Why isn’t the federal court system helpful in stopping family unwarranted governmental interference?

Why isn’t the federal court system helpful in stopping family unwarranted governmental interference?

Self-preservation is a basic instinct in the minds of human beings and animals. It doesn’t matter if an adult works for a private company or public entity. Most of us will tend to do what we need to in order to protect our jobs and professional relationships. It’s human nature.

The federal court system protects the judicial system of government. It routinely dismisses parents’ civil rights complaints about their state court’s unwarranted governmental interference, #PreventUGI. The federal courts do so by using the Rooker-Feldman doctrine, “which says a federal district court lacks the jurisdiction to hear a collateral attack on a state court judgment or to review final determinations of state court decisions.” Since almost all of parental right cases (not migrant parents) start because of a state court judge’s decision….they get dismissed before they are heard, for lack of jurisdiction, under the Rooker-Feldman doctrine.

The opposing parties can also file a motion to dismiss a parent’s complaint under federal civil Rule 12(b) if the parent’s claims are vague, ambiguous, or the parent can’t ask for any “relief” that the federal court can give to him/her. An example of this is when a parent tries to sue a judge, or someone appointed by a judge, for damages. See our blog on immunity and why the federal court can’t give you damages for suing someone with immunity. However, I am not a lawyer and this is not legal advice, NALNLA. The only “relief” a parent can hope for is by asking the federal court judge to undo something that was unwarranted governmental interference #PreventUGI, but it is extremely rare for a federal judge to grant that sort of “relief”. Most likely the parent’s case will just be dismissed and not heard.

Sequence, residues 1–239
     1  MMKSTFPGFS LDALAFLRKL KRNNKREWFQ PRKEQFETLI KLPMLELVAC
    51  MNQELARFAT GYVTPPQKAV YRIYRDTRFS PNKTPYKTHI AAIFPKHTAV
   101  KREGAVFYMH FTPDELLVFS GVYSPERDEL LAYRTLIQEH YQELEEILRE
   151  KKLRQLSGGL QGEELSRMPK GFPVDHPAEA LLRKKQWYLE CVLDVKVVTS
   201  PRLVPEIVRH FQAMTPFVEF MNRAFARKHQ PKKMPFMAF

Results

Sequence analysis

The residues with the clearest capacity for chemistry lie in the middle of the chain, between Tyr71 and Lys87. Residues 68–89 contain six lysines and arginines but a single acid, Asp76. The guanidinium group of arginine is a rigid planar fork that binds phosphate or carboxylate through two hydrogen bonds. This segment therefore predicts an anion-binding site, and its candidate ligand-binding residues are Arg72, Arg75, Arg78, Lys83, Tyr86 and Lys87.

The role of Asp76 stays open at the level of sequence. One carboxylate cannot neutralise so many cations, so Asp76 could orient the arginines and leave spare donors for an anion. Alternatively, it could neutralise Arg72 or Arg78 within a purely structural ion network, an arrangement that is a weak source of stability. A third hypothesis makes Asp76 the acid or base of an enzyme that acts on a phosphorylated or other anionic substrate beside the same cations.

The federal court system can also sua sponte or “on its own” dismiss a parent’s case for lack of jurisdiction, wrong venue, failure to prosecute, failure to comply with court orders or rules, etc. and this happens to many parent’s civil rights cases as well. Different federal courts have different rules for the judges in their district before a case can be dismissed.

The time to do all you can, to keep legal custody of your child, is in the state court. Its why parents in California need jury trial rights.